One of the common falsehoods or inaccuracies witnessed on medical tv dramas is the use of the defibrillator machine during emergencies. Fans watch with bated breaths as the doctor rubs the electrode pads and zap a dying patient back to life. However, real doctors and nurses know that this machine can only correct irregular heartbeats. This and more are just some of the things that medical TV dramas get wrong but appear true in the eyes of the public.
What Do Medical TV Dramas Get Wrong?
Let’s look at common falsehoods portrayed in medical tv dramas that seem authentic…
1. The Overuse of CPR In Treating Unconscious Patients
Cardiopulmonary resuscitation (CPR) is a medical technique that’s used to reactivate breathing and blood circulation in patients that are unconscious due to drowning or cardiac arrests. It’s administered by using both hands to apply chest compressions then the medic tilts the patient’s head backward and breathes directly into their mouth at specific intervals.
In popular TV dramas, you’ll notice either a doctor or nurse that springs into action yet some of the cases don’t warrant the use of CPR. A patient who, for instance, has diabetes can faint as a result of low blood sugar. The best treatment would be administering insulin shots rather than giving rescue breaths and chest compressions.
2. Doctors and Nurses Flirting With Patients
Every so often, you’ll notice episodes where a doctor and patient meet for the first time then tension develops between them that either blossoms into a sexual encounter or romantic relationship. The relationship then becomes so intense that doctors willingly violate certain practices to protect their newfound love.
Away from the screen, all doctors understand the consequences of venturing into such relationships. It’s easy to lose employment as well as face state board disciplinary action because such relationships put the doctor in a position to exploit the patient’s vulnerability.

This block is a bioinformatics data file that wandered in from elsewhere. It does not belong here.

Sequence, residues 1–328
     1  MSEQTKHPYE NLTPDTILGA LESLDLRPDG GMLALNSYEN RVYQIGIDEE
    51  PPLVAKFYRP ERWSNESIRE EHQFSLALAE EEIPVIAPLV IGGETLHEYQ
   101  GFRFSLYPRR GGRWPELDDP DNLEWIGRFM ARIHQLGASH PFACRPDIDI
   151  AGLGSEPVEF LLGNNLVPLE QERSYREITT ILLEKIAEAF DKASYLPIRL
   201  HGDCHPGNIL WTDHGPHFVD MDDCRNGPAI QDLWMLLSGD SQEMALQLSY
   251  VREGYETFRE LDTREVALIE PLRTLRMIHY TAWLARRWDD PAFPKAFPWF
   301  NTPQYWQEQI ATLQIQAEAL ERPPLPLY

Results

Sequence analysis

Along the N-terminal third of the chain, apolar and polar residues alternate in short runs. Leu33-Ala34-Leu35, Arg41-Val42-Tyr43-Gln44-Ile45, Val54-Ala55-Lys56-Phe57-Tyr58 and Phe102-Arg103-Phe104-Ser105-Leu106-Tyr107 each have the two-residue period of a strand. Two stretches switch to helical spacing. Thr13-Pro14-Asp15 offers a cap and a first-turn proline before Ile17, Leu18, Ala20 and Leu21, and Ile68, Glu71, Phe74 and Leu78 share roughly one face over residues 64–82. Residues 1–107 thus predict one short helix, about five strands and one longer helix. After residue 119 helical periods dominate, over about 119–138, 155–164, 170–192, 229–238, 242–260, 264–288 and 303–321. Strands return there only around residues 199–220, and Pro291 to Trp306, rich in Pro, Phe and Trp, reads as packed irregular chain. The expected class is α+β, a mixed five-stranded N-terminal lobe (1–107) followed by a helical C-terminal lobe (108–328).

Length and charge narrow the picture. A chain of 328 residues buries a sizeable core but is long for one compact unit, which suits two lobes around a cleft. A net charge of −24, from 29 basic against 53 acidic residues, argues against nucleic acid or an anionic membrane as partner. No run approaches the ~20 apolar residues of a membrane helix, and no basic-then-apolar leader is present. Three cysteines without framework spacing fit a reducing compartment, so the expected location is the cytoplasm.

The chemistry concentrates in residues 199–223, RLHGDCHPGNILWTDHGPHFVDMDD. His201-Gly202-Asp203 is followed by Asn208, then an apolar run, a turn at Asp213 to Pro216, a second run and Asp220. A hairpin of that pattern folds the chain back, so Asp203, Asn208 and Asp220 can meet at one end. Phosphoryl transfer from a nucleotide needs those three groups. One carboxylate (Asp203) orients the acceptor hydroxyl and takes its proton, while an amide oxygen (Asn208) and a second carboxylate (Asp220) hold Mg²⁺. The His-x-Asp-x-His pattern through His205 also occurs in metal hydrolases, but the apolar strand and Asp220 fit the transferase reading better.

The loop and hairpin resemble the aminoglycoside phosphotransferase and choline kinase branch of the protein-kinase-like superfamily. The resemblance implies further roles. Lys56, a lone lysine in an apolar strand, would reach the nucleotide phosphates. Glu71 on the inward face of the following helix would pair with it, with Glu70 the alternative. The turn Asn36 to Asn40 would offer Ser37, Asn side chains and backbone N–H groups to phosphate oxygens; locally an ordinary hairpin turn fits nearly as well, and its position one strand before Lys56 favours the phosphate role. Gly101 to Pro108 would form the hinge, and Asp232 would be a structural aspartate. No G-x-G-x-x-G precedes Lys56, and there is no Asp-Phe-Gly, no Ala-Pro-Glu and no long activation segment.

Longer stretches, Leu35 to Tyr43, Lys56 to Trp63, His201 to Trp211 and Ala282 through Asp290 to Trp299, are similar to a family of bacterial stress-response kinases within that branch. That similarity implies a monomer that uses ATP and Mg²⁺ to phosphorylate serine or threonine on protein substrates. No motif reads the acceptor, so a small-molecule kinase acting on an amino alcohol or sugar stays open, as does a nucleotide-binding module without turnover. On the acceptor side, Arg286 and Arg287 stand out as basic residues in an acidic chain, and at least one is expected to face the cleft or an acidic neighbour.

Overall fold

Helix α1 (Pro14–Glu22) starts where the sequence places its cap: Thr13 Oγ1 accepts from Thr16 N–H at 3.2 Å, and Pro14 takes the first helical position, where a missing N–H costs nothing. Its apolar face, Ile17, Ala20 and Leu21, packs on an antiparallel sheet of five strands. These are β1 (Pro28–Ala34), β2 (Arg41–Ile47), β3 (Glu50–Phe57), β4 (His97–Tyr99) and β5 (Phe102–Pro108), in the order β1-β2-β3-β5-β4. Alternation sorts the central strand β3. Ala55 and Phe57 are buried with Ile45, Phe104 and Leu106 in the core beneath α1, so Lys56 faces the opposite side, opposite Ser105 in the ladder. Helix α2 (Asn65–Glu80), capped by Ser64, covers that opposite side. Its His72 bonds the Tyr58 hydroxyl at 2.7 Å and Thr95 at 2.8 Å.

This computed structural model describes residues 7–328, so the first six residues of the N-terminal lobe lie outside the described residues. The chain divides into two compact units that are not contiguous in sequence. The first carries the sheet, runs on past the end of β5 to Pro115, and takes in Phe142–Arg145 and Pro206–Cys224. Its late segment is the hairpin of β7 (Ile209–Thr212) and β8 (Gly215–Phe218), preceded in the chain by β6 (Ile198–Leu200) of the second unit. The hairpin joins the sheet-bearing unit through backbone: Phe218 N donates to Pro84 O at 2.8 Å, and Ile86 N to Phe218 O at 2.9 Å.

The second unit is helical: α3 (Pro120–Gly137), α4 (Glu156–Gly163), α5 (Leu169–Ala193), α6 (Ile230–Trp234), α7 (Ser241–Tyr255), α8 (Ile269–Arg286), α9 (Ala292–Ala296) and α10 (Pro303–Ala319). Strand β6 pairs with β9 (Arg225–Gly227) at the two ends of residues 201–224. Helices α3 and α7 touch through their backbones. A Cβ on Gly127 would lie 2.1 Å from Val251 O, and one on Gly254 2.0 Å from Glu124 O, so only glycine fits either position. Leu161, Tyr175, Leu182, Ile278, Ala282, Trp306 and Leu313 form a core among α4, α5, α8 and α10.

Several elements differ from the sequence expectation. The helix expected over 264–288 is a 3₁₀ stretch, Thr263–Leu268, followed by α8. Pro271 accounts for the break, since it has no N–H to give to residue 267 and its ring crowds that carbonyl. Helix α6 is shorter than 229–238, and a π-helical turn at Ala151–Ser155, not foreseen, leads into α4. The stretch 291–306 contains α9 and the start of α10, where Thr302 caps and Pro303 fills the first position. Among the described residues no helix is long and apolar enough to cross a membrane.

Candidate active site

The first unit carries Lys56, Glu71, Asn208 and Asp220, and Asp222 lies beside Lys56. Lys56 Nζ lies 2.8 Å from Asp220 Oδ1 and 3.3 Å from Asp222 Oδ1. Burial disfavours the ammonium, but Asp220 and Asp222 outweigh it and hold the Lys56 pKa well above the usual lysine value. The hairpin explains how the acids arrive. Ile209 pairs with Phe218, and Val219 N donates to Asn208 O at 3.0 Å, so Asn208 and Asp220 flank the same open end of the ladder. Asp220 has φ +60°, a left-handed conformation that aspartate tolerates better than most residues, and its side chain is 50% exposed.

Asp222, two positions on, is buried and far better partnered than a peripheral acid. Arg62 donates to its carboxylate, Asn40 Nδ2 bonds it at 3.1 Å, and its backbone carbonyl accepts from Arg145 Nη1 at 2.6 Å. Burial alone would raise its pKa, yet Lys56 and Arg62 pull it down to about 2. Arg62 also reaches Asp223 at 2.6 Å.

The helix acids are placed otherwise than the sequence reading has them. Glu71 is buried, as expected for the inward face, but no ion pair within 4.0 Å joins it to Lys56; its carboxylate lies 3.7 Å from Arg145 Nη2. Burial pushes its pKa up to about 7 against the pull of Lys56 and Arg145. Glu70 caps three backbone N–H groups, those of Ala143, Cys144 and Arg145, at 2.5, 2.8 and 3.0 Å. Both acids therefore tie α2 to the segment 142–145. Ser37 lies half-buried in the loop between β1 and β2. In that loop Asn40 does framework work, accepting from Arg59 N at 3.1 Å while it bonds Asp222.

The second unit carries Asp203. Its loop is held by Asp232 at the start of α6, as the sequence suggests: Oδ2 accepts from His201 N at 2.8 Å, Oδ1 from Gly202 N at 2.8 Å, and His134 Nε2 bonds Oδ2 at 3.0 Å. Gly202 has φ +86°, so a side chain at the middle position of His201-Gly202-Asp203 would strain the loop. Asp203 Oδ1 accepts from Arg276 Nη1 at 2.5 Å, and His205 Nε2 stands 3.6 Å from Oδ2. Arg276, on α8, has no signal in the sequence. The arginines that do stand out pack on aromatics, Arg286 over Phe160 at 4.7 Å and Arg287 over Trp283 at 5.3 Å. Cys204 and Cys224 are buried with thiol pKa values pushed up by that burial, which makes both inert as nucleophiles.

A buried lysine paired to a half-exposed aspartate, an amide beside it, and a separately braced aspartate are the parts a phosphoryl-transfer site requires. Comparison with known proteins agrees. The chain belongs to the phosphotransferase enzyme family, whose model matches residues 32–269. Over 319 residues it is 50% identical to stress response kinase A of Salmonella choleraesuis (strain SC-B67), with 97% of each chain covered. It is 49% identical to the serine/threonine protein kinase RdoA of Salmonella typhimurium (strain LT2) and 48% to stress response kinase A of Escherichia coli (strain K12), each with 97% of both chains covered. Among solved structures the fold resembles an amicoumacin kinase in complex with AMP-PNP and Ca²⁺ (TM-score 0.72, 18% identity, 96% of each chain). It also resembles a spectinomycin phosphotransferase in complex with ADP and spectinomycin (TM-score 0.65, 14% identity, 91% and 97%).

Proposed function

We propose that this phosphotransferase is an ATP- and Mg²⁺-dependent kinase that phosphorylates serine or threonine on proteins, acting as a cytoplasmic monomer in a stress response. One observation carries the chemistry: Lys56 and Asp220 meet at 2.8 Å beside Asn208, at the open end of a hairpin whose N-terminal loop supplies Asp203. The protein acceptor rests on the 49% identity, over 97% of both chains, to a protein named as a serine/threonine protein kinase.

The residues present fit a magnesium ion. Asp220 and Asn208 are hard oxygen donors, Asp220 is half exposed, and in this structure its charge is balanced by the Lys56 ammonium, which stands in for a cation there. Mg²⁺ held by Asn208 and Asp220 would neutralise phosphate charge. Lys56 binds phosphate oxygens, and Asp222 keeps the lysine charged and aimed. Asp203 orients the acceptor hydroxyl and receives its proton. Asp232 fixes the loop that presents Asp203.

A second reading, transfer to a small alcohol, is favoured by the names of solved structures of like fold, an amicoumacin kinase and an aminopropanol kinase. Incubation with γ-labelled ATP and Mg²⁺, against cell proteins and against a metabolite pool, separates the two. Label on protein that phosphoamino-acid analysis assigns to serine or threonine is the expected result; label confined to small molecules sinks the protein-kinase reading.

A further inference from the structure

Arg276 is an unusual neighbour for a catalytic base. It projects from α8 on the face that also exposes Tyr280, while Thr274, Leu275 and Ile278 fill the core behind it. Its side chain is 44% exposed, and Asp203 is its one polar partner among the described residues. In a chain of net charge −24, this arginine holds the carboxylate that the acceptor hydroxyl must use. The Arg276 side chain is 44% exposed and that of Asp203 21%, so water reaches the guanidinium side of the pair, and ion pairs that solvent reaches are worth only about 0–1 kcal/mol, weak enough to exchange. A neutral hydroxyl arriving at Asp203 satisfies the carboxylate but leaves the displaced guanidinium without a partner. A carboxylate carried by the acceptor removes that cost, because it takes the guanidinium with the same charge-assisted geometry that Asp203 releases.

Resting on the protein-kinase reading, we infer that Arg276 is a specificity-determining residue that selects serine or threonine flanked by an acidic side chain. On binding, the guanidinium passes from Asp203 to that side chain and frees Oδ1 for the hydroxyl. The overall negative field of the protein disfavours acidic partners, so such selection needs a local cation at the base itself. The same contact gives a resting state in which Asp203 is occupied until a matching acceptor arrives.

3. Doctors Discussing Billing And Insurance With Patients
This scenario usually plays out in a couple of interesting ways. A patient is bedridden for days then their doctor approaches them with the good news of a unique surgery that will lead to full recovery. However, the patient seems hesitant because they can’t afford the procedure but fortunately, the doctor also seems to have a financial solution lined up.
In reality, patients submit their personal and insurance information at the waiting room. This data is usually collected by medical assistants and matters to do with billing are handled by the accounts department.
4. Student Nurses That Are Opinionated
In the TV show Scrubs, there are usually a couple of student nurses on clinical practicals working side by side with doctors and RNs. However, what stands out is the fact that the interns can publicly correct their supervisors and perform roles that are usually reserved for fully certified medical personnel.
In real life, student nurses know not to speak or interrupt their preceptors during meetings, even when they feel that the information requires some correction. In addition, trying to act independently can instantly get them fired since the supervisor can interpret their defiance as insubordination.
5. Doctors Having Eureka Moments When Treating Complicated Medical Conditions
This is commonly witnessed in the TV shows House and also Grey’s Anatomy. The doctor spends days and sleepless nights going through lab reports and medical notes trying to diagnose mysterious illnesses affecting a patient. Then one day as the doctor is leaving Starbucks, he or she experiences a eureka moment that saves the day.
If things were really that easy, then doctors wouldn’t bother holding meetings with medical specialists or referring their patients to different hospitals that have advanced medical diagnosis equipment. Truth is, diagnosing and finding the best treatment plan for complex medical conditions can take several weeks since doctors have to analyze numerous possibilities and narrow them down to the best option.
6. Doctors Visit Their Patients Everyday
It’s not uncommon to see doctors frequently checking up on their patients then leave them with inspiring words and dazzling smiles. However, patients in real hospitals only receive weekly or monthly visits from their doctors since nurses are tasked with the responsibility of daily monitoring.